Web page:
Prime Minsterial and Cabinet Government

1448 Words6 Pages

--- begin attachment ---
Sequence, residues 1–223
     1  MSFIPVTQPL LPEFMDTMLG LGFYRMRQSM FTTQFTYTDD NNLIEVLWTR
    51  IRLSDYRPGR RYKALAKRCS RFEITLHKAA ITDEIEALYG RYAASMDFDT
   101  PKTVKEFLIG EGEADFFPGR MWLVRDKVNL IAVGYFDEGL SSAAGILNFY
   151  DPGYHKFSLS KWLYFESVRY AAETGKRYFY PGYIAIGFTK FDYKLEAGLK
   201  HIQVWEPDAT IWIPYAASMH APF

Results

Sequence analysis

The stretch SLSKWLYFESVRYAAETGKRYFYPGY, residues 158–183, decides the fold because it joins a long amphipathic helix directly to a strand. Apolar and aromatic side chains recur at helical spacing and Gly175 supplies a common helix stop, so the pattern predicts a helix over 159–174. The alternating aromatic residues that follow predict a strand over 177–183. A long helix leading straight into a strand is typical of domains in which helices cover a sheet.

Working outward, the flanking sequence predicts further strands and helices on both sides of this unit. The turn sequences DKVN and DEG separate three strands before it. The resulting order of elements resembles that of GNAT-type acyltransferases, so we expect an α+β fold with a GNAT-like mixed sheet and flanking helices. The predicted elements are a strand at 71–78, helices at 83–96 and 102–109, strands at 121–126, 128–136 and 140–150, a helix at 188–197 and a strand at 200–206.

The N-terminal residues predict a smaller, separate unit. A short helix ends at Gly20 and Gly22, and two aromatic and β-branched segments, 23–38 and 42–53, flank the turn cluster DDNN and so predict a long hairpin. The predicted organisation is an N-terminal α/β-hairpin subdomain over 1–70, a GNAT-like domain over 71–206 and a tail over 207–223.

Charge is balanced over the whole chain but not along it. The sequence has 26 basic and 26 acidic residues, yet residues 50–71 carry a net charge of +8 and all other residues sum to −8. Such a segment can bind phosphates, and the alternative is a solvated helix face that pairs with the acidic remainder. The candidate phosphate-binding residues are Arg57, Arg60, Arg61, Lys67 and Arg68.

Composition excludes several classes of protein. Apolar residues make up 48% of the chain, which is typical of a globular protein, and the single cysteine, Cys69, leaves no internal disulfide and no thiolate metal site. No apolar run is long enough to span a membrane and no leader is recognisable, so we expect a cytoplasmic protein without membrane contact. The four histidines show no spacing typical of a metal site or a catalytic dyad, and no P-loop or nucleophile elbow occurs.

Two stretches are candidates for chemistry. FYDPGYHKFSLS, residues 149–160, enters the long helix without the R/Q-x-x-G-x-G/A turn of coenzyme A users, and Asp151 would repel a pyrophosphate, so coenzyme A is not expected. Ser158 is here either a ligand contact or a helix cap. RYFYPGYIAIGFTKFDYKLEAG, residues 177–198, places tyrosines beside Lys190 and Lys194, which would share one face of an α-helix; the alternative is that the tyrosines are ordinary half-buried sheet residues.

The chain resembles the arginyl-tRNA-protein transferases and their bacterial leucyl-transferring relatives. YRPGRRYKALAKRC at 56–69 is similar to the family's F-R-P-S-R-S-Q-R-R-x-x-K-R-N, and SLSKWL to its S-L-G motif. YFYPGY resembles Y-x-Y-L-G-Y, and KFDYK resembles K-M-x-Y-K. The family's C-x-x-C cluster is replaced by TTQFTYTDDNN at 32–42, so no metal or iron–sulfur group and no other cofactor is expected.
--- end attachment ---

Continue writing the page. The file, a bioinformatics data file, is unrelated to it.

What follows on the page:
Is it true to say that we now have Prime Ministerial rather than Cabinet Government? In the following paragraphs I will evaluate and analyse the two contrasting ideologies of Prime Ministerial and Cabinet Government, with specific focus on how Margaret Thatcher, John Major and Tony Blair have run their Cabinets. The traditional system of government in the UK is run by the Cabinet, which is composed of twenty three members, seventeen of which are Ministers, who are known as 'Secretaries of State'. Each Minister has responsibility for one public office, the titles of these positions are; The Prime Minister, Finance Minister, Foreign Minister, Defence Minister, Information Minister, Interior Minister, Education Minister, Environment Minister, Health Minister, Justice Minister, Culture Minister, Agriculture Minster, Transport Minister, Commerce Minister, Energy Minister, Inland Revenue Minister, Public Works Minister, and The Chancellor.1 The Cabinet is the primary decision making body for the executive.2 The Prime Minister heads the Cabinet meetings and has final say concerning policy; The Cabinet can, however, over-rule the Prime Minister by a majority.3 Each Minister should be proficient in knowledge of his/her sector, and have strong leadership skills so as not to be ruled by their Civil Servants.4 Having a Cabinet Government, which is what the UK still claims to have, is a much more democratic process of producing policy, as all the decisions are made by a group of people with a collective of broad and diverse experience and thus ensuring a more proficient final policy. It has been argued though, that we now have Prime Ministerial Government as opposed to Cabinet Government, due to the shift in power towards the Prime Minister over the years from Thatcher to Blair. More important than head of the Cabinet, the Prime Minister is the leader of the
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